Sunday, January 16, 2011
THE LAST DAYS OF PTOLEMY GREY by Walter Mosley
There's something special about a truly good book. It puts your life in perspective.
That's what Walter Mosley's The Last Days of Ptolemy Grey did for me. I had to decide what I really value. If I had a choice, how would I spend my last days.
The Last Days of Ptolemy Grey makes it clear that the time could come for many of us. We will have to decide how to use our last days.
Ptolemy Grey is a ninety-one-year-old man in the early stages of dementia. Someone guns down his nephew Reggie in a drive-by shooting. But the central murder in the story occurred long before that. It is the murder of Ptolemy's boyhood mentor Coydog McCann. That murder is described this way:
"Ptolemy remembered Coydog telling about Ali Baba and the Forty Thieves, and then he remembered the old man with a noose around his neck, standing on tiptoes on a wooden box that wasn't tall enough to keep him from choking a little; and all the white men and boys standing around, laughing; and then the man pouring kerosene on Coy's feet and lighting it so that the old man couldn't stand still to keep from hanging himself; and then Coy dancing in the air, his feet and pants on fire and all the white people laughing."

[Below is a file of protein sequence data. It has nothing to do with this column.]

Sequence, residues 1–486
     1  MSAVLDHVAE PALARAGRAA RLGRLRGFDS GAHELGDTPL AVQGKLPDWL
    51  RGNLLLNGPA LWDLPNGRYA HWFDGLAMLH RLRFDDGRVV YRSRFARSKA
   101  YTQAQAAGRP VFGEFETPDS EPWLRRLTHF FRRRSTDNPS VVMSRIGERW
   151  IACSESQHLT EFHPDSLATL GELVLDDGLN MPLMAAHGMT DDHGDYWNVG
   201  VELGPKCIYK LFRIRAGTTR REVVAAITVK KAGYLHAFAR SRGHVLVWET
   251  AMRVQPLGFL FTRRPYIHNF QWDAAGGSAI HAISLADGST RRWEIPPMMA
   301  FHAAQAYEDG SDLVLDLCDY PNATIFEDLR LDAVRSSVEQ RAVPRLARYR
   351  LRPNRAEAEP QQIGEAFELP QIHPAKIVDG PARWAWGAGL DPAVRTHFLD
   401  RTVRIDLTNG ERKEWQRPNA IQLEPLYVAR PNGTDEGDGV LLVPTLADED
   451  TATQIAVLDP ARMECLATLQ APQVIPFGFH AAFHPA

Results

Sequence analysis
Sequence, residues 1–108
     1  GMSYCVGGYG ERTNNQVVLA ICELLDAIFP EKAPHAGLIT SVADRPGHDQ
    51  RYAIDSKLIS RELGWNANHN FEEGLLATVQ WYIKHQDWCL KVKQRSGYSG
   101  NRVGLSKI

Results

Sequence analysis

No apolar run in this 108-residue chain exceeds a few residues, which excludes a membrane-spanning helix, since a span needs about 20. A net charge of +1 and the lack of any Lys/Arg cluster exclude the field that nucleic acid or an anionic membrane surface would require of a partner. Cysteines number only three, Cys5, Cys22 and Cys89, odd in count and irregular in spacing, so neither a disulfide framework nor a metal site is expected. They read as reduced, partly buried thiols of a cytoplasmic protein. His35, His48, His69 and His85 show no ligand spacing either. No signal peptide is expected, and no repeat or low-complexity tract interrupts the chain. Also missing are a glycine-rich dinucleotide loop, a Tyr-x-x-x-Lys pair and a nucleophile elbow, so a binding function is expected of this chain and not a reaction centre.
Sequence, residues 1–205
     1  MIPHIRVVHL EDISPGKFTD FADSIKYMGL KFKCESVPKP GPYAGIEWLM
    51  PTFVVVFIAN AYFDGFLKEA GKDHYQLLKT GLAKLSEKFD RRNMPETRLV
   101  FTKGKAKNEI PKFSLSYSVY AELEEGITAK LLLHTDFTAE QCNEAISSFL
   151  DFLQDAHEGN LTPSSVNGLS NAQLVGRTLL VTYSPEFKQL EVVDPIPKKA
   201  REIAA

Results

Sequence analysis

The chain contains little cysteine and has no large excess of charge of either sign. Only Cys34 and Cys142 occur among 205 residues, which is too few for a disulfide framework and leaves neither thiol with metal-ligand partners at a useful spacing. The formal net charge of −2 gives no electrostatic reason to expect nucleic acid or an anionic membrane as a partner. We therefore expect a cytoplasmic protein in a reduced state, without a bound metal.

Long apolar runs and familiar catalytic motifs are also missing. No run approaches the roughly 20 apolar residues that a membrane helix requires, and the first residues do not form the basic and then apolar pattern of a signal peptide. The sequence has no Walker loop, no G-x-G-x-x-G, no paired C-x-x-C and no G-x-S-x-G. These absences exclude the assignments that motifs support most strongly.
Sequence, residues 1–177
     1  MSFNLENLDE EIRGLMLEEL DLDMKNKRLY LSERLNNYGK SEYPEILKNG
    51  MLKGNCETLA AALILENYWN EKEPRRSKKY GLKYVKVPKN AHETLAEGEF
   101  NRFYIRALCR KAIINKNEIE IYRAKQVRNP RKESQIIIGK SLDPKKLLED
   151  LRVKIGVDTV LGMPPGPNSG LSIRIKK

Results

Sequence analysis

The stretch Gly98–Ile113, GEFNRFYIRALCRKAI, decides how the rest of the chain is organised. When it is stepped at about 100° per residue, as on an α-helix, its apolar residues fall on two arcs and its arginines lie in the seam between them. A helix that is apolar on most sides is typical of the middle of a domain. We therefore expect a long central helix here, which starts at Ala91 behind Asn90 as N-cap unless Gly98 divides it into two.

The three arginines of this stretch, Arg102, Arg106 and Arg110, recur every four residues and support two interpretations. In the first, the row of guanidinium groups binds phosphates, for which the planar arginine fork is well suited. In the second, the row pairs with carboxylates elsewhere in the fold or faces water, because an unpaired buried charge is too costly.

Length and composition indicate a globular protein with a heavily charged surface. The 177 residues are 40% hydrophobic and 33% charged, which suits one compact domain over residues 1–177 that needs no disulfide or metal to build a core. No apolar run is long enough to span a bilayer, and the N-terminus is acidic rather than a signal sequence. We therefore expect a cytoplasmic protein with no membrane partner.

The lynching of Coydog (who had stolen a valuable treasure from an abusive white man) formed Ptolemy's life. Coydog and the values Coydog represented led Ptolemy to be what he had been. The book is filled with Coydog's advice to Ptolemy.
In the midst of Ptolemy's dementia, two people come along. One is an "adopted" niece named Robyn; the other is the Devil in the form of a doctor who prescribes a medicine which gives Ptolemy a few weeks of lucidity. Ptolemy uses those last weeks to identify the murderer, arrange for the futures of those to whom Ptolemy feels an obligation, and then to bring justice.
This is not a mystery story. It is a story of, if not revenge, then maybe tit-for-tat. And it is a strong story.
This book surprised me. Because it is written through the eyes of an old man with dementia, I had expected it to be a hard read. It is not.
I had thought Walter Mosley could not write anything better than some of the Easy Rawlins stories. But this book was at least more fundamental.
Some people may choose to avoid reading The Last Days of Ptolemy Grey. It deals with dementia, a topic we often prefer to avoid. And it is written with the same stark reality that all the Mosley books have had for me.
I'm glad I didn't avoid this book. It was well worth reading.